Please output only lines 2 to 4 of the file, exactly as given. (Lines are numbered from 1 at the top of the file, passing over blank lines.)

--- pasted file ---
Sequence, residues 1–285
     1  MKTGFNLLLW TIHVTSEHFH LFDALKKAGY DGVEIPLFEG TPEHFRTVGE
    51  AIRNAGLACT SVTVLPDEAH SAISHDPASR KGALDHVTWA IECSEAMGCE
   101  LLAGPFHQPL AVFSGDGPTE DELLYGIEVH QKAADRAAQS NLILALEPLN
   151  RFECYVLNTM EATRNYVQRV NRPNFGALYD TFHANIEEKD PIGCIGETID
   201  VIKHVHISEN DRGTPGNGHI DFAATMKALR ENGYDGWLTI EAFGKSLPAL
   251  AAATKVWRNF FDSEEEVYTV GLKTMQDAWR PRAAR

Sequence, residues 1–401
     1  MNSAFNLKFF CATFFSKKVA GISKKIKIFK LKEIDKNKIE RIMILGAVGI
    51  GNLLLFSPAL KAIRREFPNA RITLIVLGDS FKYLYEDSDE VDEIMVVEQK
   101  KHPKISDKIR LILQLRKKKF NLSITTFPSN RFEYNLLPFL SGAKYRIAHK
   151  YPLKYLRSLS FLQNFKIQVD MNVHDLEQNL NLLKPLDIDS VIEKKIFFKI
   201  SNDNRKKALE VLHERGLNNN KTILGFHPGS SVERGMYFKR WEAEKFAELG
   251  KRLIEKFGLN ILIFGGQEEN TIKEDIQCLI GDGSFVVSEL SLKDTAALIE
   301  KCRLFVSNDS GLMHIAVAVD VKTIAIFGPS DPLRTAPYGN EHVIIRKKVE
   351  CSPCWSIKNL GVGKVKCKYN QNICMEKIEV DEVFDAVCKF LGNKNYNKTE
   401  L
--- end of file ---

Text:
     1  MKTGFNLLLW TIHVTSEHFH LFDALKKAGY DGVEIPLFEG TPEHFRTVGE
    51  AIRNAGLACT SVTVLPDEAH SAISHDPASR KGALDHVTWA IECSEAMGCE
   101  LLAGPFHQPL AVFSGDGPTE DELLYGIEVH QKAADRAAQS NLILALEPLN